Central Auditory Processing Disorder, or CAPD, is a hearing disorder in which the trouble lies not with the ears, but with the brain. People with Central Auditory Processing Disorder have no difficulty hearing sounds – especially speech – but, their brains don’t interpret the sound inputs correctly. That’s why the disorder is sometimes summarized as an ear-brain coordination problem.

CAPD affects as many as 2% to 5% of school-age children, and as many as half of the children are diagnosed as having a learning disability. Children with Central Auditory Processing Disorder often fail to recognize subtle differences between the sounds of different words, even though the words are clear and loud enough for them to hear. This inability to understand words often becomes worse in noisy environments, but is not as present in quiet environments.

This can make Central Auditory Processing Disorder hard to detect. A child that can hear and intrepret speech well in a quiet environment will generally have no problems passing a hearing test administered in a quiet environment. But even though their audiogram results may appear normal, children with Central Auditory Processing Disorder often have difficulty locating where sounds are coming from, difficulty discerning the differences between two similar sounds, difficulty recognizing patterns of repetitive high and low sounds, and difficulty being able to hear more than one person speaking at the same time.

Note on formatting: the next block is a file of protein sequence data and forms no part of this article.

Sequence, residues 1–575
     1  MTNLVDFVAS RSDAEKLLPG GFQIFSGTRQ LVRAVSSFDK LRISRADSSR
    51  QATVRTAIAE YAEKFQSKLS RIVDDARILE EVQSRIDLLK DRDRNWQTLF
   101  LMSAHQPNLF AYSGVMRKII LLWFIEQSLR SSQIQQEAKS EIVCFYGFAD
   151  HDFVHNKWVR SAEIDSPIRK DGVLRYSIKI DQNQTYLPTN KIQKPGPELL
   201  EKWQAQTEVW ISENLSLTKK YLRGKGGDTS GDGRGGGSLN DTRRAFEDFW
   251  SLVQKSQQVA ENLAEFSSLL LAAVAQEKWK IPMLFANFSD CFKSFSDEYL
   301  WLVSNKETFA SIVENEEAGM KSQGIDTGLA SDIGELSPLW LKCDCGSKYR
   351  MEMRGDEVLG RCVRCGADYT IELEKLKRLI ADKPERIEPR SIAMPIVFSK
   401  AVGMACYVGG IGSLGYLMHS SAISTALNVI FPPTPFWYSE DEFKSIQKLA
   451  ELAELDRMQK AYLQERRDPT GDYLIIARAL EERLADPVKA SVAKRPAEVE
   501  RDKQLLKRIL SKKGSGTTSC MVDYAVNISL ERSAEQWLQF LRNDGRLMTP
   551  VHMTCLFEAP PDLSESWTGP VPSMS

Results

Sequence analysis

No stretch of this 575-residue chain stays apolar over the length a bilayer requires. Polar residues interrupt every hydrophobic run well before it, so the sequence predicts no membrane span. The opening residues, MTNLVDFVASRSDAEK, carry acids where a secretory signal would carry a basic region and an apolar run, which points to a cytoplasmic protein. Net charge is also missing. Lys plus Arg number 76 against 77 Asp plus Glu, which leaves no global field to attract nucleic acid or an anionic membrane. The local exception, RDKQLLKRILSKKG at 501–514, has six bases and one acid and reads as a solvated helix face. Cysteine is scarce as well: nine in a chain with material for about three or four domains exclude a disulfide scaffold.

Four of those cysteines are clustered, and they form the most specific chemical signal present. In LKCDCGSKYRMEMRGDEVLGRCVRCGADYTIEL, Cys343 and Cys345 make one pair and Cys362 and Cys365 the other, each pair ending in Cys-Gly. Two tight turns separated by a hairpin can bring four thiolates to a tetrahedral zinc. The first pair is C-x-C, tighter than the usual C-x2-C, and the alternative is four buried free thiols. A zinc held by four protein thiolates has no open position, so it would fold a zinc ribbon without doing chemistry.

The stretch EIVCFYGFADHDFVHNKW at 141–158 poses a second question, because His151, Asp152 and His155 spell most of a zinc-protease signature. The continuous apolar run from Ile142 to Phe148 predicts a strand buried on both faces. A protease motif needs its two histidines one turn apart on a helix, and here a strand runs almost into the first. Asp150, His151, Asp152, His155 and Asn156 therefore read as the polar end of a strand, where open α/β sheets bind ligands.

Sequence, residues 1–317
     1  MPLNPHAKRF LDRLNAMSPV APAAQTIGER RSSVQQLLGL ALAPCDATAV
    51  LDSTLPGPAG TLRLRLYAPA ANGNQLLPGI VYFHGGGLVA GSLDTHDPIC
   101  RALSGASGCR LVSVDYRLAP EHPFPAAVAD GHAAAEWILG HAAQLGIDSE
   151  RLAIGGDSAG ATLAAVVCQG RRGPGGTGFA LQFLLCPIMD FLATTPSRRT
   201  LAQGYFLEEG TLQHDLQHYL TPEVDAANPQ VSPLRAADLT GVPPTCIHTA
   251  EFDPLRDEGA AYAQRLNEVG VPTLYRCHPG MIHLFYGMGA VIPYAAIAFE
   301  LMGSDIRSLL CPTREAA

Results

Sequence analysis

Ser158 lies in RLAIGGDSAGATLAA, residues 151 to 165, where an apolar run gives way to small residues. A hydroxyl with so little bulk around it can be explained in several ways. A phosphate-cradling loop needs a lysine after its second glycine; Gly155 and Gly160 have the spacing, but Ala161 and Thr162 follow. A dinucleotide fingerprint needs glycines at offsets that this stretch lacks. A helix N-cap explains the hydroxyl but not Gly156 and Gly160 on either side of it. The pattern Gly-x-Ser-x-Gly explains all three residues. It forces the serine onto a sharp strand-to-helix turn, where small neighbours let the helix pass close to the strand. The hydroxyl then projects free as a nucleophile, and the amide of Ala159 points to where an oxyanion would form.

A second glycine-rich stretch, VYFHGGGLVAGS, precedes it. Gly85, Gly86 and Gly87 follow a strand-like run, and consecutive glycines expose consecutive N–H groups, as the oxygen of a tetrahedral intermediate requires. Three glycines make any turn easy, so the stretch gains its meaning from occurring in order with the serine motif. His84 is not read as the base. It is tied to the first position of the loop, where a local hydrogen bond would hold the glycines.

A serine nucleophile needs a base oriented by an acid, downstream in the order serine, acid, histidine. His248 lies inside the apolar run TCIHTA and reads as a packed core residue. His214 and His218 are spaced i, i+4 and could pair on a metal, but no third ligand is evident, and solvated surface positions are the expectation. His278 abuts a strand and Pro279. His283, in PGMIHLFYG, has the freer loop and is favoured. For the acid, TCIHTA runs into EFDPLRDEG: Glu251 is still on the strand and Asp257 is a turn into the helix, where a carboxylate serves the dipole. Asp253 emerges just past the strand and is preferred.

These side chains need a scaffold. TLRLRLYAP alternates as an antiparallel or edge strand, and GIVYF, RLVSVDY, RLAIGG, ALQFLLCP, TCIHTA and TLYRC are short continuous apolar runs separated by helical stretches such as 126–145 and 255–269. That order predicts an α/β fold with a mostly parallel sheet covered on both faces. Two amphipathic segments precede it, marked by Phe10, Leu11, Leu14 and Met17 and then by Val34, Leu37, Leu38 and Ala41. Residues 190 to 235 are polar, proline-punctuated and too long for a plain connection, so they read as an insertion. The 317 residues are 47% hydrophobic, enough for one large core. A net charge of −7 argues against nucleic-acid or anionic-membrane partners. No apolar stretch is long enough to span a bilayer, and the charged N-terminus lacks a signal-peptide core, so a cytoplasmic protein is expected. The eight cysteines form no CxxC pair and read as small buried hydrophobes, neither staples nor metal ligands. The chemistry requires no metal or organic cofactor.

These symptoms may carry over into other areas of life, as the children struggle to cope with not being able to understand people speaking to them. For example, they may become easily distracted by sudden noises, have difficulty following directions, develop reading, spelling, and language difficulties, become disorganized and forgetful, or have trouble following conversations. When given standard hearing tests, these children appear to have normal hearing, so these symptoms are often confused with or mistaken for signs of other problems such as depression or Attention Deficit Hyperactivity Disorder (ADHD). This misdiagnosis is further complicated by the fact that a child may in fact have ADHD or some other learning disorder and also have CAPD.

Properly detecting and diagnosing CAPD as eary in a child’s life as possible is crucial to avoid developmental delays both social and academic. Early diagnosis is key to ensuring that the condition is resolved, which is why it is important, if you have noticed any of the above symptoms in your children, to have their hearing professionally tested.